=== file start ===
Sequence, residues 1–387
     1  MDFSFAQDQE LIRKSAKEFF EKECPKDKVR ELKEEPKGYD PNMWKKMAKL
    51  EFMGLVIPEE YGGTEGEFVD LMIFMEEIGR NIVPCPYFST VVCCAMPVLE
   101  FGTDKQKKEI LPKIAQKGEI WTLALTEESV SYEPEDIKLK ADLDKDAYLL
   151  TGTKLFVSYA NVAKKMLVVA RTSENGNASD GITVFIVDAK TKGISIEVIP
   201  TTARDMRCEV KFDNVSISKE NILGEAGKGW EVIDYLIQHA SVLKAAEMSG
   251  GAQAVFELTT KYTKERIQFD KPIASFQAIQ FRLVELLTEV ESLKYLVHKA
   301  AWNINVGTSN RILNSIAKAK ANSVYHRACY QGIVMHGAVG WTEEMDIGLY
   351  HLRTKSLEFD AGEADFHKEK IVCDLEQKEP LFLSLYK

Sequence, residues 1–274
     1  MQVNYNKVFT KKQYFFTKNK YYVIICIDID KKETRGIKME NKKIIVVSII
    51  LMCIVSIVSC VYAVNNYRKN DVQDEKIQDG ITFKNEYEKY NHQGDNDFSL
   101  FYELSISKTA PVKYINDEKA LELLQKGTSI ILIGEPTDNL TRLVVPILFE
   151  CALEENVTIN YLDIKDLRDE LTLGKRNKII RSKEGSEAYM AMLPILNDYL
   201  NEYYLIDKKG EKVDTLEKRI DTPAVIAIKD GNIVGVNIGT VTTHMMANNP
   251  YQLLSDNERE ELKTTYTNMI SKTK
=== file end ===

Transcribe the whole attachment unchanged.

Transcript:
Sequence, residues 1–387
     1  MDFSFAQDQE LIRKSAKEFF EKECPKDKVR ELKEEPKGYD PNMWKKMAKL
    51  EFMGLVIPEE YGGTEGEFVD LMIFMEEIGR NIVPCPYFST VVCCAMPVLE
   101  FGTDKQKKEI LPKIAQKGEI WTLALTEESV SYEPEDIKLK ADLDKDAYLL
   151  TGTKLFVSYA NVAKKMLVVA RTSENGNASD GITVFIVDAK TKGISIEVIP
   201  TTARDMRCEV KFDNVSISKE NILGEAGKGW EVIDYLIQHA SVLKAAEMSG
   251  GAQAVFELTT KYTKERIQFD KPIASFQAIQ FRLVELLTEV ESLKYLVHKA
   301  AWNINVGTSN RILNSIAKAK ANSVYHRACY QGIVMHGAVG WTEEMDIGLY
   351  HLRTKSLEFD AGEADFHKEK IVCDLEQKEP LFLSLYK

Sequence, residues 1–274
     1  MQVNYNKVFT KKQYFFTKNK YYVIICIDID KKETRGIKME NKKIIVVSII
    51  LMCIVSIVSC VYAVNNYRKN DVQDEKIQDG ITFKNEYEKY NHQGDNDFSL
   101  FYELSISKTA PVKYINDEKA LELLQKGTSI ILIGEPTDNL TRLVVPILFE
   151  CALEENVTIN YLDIKDLRDE LTLGKRNKII RSKEGSEAYM AMLPILNDYL
   201  NEYYLIDKKG EKVDTLEKRI DTPAVIAIKD GNIVGVNIGT VTTHMMANNP
   251  YQLLSDNERE ELKTTYTNMI SKTK